Eight partners from research and industry launched the project "FluoResYst" funded by the Federal Ministry of Education and Research (BMBF)
Rapid Detection System for Multidrug Resistance in Tuberculosis Infections
Ending the tuberculosis epidemic by 2030 is one of the United Nations' goals. In 2020, about 10 million cases were registered worldwide, and about 1.5 million people died as a result of the disease. This makes tuberculosis the second deadliest infectious disease worldwide after COVID-19. Multi-drug resistant variants of the bacterium Mycobacterium tuberculosis pose an increasing problem. Especially in developing countries, diagnosis and thus successful treatment are difficult due to a lack of laboratory infrastructure. A national consortium of eight companies and non-university research institutions aims to tackle this problem with the help of photonics and presented its solution approaches at the kick-off meeting of the three-year FluoResYst project funded by the BMBF on Jan. 13, 2022. The aim is to develop a compact detection system for multidrug resistance in tuberculosis infections for rapid diagnostics and efficient treatment of affected people.
Photonic point-of-care detection system instead of laboratory diagnostics.
To counter multiple drug-resistant tuberculosis bacteria, suspected cases must be tested daily, and if laboratory findings are positive, quickly treated and isolated. However, the laboratory infrastructure and logistics required are usually lacking, as 95 percent of tuberculosis cases occur in developing and emerging countries. In the project "Time-resolved fluorescence detection for integrated multiparameter analysis of multiresistance exemplified by tuberculosis" (FluoResYst), the partners will develop an innovative method for accelerated diagnostics of multiresistant bacterial pathogens using tuberculosis as an example. The goal is a compact and cost-effective photonic point-of-care detection system that will enable tuberculosis diagnostics to be conducted outside laboratories and thus quickly and directly in the field.
Innovation: Combination of fast fluorescence effects with fast detectors.
The innovative method is designed to shorten complex manual laboratory steps for biochemical detection and make them available already in the instrument, on the one hand, and to achieve rapid detection and evaluation via integrated optoelectronic components, on the other.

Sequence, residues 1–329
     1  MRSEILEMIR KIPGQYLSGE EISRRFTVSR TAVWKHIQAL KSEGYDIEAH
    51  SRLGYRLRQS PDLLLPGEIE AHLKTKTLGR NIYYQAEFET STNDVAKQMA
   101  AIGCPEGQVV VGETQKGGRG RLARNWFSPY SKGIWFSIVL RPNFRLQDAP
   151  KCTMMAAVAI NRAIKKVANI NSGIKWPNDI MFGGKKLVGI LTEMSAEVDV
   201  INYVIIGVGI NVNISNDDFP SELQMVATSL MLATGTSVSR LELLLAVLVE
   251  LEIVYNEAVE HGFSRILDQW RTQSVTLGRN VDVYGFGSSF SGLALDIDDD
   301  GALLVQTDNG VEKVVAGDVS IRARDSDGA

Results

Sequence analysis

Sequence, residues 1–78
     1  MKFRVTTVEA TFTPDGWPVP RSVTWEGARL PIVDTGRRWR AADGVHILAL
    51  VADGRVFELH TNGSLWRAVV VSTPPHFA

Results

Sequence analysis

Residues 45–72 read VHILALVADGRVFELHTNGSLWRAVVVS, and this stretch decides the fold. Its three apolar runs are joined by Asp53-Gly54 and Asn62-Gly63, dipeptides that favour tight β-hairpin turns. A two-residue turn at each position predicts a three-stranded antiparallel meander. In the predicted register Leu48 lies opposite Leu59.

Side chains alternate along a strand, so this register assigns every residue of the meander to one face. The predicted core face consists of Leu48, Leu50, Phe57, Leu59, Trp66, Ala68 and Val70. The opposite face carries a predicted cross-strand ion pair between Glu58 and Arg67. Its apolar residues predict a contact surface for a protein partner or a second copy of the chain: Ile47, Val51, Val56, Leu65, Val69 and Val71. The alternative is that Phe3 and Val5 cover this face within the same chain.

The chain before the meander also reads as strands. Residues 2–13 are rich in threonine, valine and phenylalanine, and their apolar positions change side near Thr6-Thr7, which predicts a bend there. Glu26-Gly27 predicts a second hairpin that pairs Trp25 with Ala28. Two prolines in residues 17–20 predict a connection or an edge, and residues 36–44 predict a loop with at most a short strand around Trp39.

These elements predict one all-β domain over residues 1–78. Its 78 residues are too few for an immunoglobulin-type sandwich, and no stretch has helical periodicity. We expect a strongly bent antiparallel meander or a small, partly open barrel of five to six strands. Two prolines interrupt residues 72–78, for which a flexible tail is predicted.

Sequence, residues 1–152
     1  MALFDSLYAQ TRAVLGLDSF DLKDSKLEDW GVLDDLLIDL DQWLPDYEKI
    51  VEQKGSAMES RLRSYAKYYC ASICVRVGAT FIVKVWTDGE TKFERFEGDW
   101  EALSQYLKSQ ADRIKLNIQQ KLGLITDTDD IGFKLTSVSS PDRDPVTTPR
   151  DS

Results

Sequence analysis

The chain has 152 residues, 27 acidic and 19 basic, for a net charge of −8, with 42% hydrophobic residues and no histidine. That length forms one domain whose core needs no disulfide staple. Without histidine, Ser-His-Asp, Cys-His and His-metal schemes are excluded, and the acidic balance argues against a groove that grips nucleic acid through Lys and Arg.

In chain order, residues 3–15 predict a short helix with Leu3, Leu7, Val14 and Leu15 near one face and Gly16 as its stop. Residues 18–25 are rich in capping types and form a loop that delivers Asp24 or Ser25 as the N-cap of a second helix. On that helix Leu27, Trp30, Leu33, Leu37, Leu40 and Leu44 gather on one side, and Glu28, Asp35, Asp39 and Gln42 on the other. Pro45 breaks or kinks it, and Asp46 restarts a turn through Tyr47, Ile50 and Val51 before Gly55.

The detection of the multi-resistance genes of the pathogens is based on a fluorescence quenching effect, suppressing the glow of a fluorescent dye coupled to a DNA fragment through the binding of antibodies. If a sample with the gene segment of interest is added, this binding dissolves and the DNA lights up.
To detect fluorescence, the corresponding fluorescent dyes are excited with light of a certain wavelength followed by the emission of light of a different wavelength, all of which are measured. To design the detection system cost-effectively, excitation and fluorescence light are to be distinguished by their decay times rather than by expensive optical filters. The fluorescent dyes used for the quenching effect have very short afterglow times in the nanosecond range. In order to measure the multiresistant genes with time resolution, a very fast image sensor and an even faster laser as excitation light, which switches off in the picosecond range, are required. For both, new integrated circuits are being developed within the project. The image sensor is realized with new single-photon avalanche diodes (SPAD). These highly sensitive photodiodes, which have so far been used mostly for applications in autonomous driving, can not only detect single photons but above all achieve the required measurement speeds up to the gigahertz range.
Platform adaptable for other multi-resistance detection applications
The combination of these two innovations, the biochemical fluorescence quenching antibody assay with the photonic integration of time-resolved fluorescence measurement for short-lived fluorochromes, results in a new detection technology that greatly simplifies complex analyses previously only accessible at great expenses, making them widely accessible. Thus, the development of the platform will not only improve tuberculosis diagnostics and the determination of multidrug resistance but also contribute to the containment of the disease by accelerating on-site diagnostics. Its adaptability to other multidrug resistance detection will also enable the optimization of diagnostics for other infections frequently affected by resistance.
Collaborative partners are LIONEX GmbH (collaborative coordinator), IMMS Institut für Mikroelektronik- und Mechatronik-Systeme gemeinnützige GmbH (IMMS GmbH), iC-Haus GmbH, X-FAB, DITABIS Digital Biomedical Imaging Systems AG, Fraunhofer Institute for Cell Therapy and Immunology, Institute Division Bioanalytics & Bioprocesses IZI-BB, microfluidic ChipShop GmbH and the Institute for Molecular Diagnostics and Bioanalytics (IMDB) gGmbH.